It is now roughly five months since President Barack Obama announced a new direction for U.S. counterterrorism strategy.
“America is at a crossroads,” Obama said at the National Defense University in May. “We must define the nature and scope of this struggle, or else it will define us.”
The president proceeded to set out his post-war vision for the nation — the peace dividend earned for the last 12 years of a complicated, costly and at times tragically misguided counterterrorism policy. The president, as usual, gave a good speech. Where he’s weak is on the follow-through, however.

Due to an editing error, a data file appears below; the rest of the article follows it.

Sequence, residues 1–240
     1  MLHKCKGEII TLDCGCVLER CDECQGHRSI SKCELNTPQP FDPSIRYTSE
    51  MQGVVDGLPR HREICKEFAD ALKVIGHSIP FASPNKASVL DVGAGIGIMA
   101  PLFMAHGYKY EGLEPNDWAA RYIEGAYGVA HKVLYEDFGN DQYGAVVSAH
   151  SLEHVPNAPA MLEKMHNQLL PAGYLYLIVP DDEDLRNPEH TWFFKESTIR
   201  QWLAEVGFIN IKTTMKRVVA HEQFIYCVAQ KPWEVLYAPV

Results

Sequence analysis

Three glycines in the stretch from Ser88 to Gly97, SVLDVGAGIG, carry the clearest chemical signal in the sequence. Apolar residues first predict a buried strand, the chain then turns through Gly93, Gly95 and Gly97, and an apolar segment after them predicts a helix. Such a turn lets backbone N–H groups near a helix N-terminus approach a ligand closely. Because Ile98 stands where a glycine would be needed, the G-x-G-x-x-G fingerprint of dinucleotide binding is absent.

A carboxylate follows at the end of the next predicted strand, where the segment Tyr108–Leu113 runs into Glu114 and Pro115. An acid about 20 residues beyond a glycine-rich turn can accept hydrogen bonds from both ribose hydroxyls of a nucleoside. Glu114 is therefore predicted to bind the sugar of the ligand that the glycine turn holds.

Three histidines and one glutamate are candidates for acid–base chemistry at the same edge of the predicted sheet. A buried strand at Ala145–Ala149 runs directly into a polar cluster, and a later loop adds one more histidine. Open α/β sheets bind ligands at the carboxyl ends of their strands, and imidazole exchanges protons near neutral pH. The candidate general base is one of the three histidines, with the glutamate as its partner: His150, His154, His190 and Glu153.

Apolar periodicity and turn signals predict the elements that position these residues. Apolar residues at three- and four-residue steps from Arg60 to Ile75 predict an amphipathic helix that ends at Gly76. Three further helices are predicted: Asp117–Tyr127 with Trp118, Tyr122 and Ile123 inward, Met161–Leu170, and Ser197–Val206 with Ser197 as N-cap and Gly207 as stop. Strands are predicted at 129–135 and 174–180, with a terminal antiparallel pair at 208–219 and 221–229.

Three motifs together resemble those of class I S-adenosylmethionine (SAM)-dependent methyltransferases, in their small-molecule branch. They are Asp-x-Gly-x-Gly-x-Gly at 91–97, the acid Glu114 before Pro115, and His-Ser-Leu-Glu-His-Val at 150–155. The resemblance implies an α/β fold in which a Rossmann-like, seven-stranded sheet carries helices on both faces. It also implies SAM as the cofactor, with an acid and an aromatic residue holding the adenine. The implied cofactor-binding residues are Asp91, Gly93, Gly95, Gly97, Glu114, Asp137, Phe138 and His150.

Though five months isn’t that long, when it comes to a war that involves killing and indefinitely detaining a vaguely defined enemy, time is of the essence. It’s also critical to restoring U.S. credibility around the globe, particularly around the constitutional principles the president repeatedly emphasized.
Obama has taken a few steps in the right direction since May. As promised, he appointed an envoy at the State Department to focus on transferring Guantanamo detainees to their home countries, and just this month appointed someone in charge at the Pentagon as well. He’s sent home two of the 86 prisoners already cleared for transfer.